I've been involved in many cases that include a civil forfeiture aspect, both as a prosecutor and a defense attorney. Put simply, civil forfeiture is where the police seize property because they think it has been used in a crime. The onus is on the owner of the property to prove their innocence or else the property is forfeited (turned over) to the government. As found in Reason magazine:
Under civil forfeiture, police can seize property from people who are never convicted—much less charged with—a crime. Unlike criminal forfeiture, where the government must prove property was used in the commission of crime, civil forfeiture law presumes an owner’s guilt.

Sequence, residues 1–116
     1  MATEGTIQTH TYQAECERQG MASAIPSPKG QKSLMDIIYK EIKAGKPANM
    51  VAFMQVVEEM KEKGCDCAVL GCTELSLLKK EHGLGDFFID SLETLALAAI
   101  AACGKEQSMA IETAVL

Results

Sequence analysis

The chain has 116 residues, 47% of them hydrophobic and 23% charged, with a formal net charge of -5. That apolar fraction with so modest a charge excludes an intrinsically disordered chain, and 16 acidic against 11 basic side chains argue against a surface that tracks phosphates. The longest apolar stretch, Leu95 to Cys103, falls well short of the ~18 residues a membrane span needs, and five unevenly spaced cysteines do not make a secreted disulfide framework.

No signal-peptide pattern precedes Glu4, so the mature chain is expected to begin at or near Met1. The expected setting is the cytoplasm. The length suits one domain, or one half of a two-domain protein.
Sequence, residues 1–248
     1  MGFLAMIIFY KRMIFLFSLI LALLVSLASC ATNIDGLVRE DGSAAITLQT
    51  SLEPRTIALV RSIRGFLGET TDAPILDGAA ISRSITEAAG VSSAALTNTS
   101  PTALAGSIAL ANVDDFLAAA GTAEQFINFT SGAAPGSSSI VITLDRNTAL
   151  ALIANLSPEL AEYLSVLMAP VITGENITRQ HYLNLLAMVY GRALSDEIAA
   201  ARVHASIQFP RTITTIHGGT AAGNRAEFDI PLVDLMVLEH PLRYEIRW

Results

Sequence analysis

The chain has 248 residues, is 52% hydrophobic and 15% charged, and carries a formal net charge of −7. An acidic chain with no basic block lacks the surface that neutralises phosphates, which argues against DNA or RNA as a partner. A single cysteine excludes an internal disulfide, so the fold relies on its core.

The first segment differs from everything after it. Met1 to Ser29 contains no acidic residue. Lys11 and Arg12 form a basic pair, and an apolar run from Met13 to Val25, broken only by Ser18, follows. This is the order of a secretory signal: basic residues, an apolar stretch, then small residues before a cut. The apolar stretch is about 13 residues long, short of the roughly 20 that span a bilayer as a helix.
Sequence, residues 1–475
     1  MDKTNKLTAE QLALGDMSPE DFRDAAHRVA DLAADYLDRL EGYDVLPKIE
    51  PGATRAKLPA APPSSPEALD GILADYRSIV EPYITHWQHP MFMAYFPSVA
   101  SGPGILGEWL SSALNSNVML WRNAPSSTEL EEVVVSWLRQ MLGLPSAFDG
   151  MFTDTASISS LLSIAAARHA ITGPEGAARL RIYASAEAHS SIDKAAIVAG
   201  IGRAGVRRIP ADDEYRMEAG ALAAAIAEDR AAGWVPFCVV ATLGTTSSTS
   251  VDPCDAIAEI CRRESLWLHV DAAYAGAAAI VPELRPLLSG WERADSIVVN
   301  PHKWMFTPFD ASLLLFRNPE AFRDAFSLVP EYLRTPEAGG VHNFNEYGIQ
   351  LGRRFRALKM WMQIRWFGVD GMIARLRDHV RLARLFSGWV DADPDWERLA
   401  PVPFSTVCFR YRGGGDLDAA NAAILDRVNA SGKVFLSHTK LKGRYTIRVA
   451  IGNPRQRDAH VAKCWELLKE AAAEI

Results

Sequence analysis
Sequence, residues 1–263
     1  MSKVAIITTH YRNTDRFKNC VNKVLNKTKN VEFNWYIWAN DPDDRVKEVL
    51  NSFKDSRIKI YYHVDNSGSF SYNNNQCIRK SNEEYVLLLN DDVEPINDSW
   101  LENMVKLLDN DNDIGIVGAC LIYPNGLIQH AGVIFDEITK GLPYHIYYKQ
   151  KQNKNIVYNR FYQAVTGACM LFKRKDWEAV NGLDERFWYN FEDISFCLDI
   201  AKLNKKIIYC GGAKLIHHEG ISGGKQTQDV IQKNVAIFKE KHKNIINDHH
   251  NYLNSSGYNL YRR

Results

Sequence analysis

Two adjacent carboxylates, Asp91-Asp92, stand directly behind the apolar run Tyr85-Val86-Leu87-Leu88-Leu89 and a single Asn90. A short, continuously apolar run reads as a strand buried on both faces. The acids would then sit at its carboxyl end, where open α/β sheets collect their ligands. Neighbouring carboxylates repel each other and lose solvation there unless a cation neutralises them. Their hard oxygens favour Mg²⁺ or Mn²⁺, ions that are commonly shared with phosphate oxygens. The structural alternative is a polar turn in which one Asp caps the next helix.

Civil forfeiture is a national problem. Law enforcement agencies seize millions of dollars worth of property each year with little or no due process for owners. In all but six states property owners are considered guilty until proven innocent. State law typically allows law enforcement to keep most or all of the proceeds from forfeiture—an enormous incentive to police for profit.